This section is from the book "Meals Medicinal", by W. T. Fernie. Also available from Amazon: Meals Medicinal: With "Herbal Simples" Curative Foods From the Cook in Place of Drugs From the Chemist.
Vinegar (Vin-Aigre), Sour Wine, is commonly procured from an infusion of Malt which has previously undergone the vinous fermentation, or perhaps from apple cider. White vinegar is the best sort, then Malt vinegar, and least acceptable, though chemically pure, is the diluted acetic acid got from the products of the dry distillation of wood. More properly, Vinegar ought to be obtained by the acetic fermentation of wine, but this is difficult to procure. "Ordinary English' vinegar," says Dr. A. Blyth, speaking authoritatively, "as far as the kitchen is concerned, is a chemical monstrosity." We should try to buy French vinegar from a respectable Italian warehouseman. Herbal vinegar must not be boiled. The acid of vinegar, being a fermentation 'acid, renders the digestion of many foods with which it is taken more difficult, whilst vegetable acids, such as lemon juice, and citric acid, or tartaric acid, do not cause that objectionable effect. Thus a cucumber salad (to be made with the vegetable freshly cut) when dressed with vinegar is so difficult of digestion as to be for some persons almost poisonous; whilst if dressed with lemon juice, it can be easily and comfortably digested by the very same persons.
Vinegar is the antiseptic ingredient in pickles; when applied externally its cooling effects, and fragrant aroma are refreshing; they even serve to revive a person faint from heat, or other aggressive surroundings. Thus it is told in Pickwick, that at Manor Farm, Dingley Dell, "the landlady proceeded to vinegar the forehead, beat the hands, titillate the nose, and unlace the stays of the maiden aunt".
The hindering effect of Vinegar on our salivary digestion of starches is very powerful, and the bearing of this fact on our using it in salads together with the vegetable carbohydrates is evident. Nevertheless, salads are commonly seasoned with vinegar in plenty, and they are generally eaten together with a free use of bread. The acid may perhaps aid the digestion of the vegetable albumin in the salad, but it is obvious that at the same time this vinegar would altogether prevent any salivary action on the bread taken with the salad. The difficulty may not be a matter of much moment to a person with strong digestive powers, who has abundant digestive resources: but others who are of weak digestive capabilities, must be sparing in their use of such vinegar in salads, and other sour dishes, when bread or potatoes accompany the same, or when a starchy pudding follows. One compensating result of Vinegar on the fibre of meat, and the tough cellulose of vegetables, is its softening action thereupon. From the Arcana Fairfaxiana, of three centuries back, as already quoted, we learn "how to quench thirst when drink is improper." "Pour vinegar into the palm of the hand, and sniff it up into the nostrils, and wash the mouth with the same (though not swallowing any); 'tis inconceivable how much it will allay thirst." By a strange misprint, in an edition of the Bible, published at the Clarendon Press, Oxford, in 1717, the heading of the "Parable of the Vineyard," in St. Luke's gospel, chapter xx, is made to read, Parable of the Vinegar".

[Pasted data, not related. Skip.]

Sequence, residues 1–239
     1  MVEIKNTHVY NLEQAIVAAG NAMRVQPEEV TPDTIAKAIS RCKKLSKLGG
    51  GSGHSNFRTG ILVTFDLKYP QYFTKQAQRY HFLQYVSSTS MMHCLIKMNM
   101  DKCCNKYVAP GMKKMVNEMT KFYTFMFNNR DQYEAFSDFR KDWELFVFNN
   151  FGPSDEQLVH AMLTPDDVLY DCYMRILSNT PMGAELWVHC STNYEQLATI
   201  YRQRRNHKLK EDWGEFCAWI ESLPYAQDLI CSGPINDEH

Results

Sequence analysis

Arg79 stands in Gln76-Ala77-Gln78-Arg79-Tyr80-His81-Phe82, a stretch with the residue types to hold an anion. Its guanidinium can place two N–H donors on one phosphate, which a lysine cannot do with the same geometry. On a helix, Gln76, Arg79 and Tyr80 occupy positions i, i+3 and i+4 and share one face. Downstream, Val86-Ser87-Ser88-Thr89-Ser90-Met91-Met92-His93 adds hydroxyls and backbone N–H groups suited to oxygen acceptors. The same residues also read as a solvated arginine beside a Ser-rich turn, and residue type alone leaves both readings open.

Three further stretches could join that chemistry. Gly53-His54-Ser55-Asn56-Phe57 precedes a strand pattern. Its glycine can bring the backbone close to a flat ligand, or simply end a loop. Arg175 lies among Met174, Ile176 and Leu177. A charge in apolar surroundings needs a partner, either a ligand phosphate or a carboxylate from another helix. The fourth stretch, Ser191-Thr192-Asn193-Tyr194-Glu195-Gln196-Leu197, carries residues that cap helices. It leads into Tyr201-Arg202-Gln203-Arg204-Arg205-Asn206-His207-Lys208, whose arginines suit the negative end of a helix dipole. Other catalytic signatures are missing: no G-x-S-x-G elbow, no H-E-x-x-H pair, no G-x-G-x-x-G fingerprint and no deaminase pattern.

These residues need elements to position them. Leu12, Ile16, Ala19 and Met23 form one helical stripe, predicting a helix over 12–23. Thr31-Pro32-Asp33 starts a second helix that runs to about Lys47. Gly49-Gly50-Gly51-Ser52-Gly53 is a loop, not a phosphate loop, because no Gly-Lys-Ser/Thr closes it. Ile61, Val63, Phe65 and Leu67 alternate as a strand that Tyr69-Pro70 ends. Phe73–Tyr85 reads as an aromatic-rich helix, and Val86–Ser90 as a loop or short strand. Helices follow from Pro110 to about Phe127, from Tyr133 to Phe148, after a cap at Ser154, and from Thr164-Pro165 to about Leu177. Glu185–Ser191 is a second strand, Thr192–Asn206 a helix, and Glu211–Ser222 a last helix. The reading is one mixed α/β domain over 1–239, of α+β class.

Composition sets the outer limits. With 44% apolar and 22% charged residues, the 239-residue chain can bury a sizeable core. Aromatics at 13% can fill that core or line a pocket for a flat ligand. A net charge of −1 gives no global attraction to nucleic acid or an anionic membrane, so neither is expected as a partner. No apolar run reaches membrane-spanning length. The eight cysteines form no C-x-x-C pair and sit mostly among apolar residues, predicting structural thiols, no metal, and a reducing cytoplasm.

Because of its being a product of acid fermentation outside the body, Vinegar will sometimes serve to correct the sour fermentation which occurs from imperfect digestion of swallowed foods, such as sugars, starches, and melted fats, by giving a teaspoonful of the pure Malt product, by itself, or with an equal quantity of cold water. This proceeding may be said to be adopted on the principle of "setting a thief to catch a thief." Acetic acid, as sometimes substituted for the vinegar of fermentation, is obtained by the oxidization of alcohol, and the distillation of organic matters in hermetically-sealed vessels. This acid is inflammable, so that great caution is needed when adding it to boiling sugar; it is to be used only in small quantities.
"Before proceeding to the Legacy Duty Office about proving the will of his late wife, Mr. Weller, senior, and his fellow coachmen, as witnesses, bethought themselves of having a drop of beer, and a little bit of cold beef, or a oyster, These viands were promptly produced, and the luncheon was done ample justice to. If one individual evinced greater powers than another it was the coachman with the hoarse voice, who took an imperial pint of vinegar with his oysters, and did not betray the least emotion" (Pickwick). Although the acetic acid which vinegar contains is ultimately oxidized in the body, with a production of alkaline compounds, yet still there is reason to believe, that through its being an acid of fermentation it has an unfavourable influence in gout, and may even induce an attack, not otherwise imminent.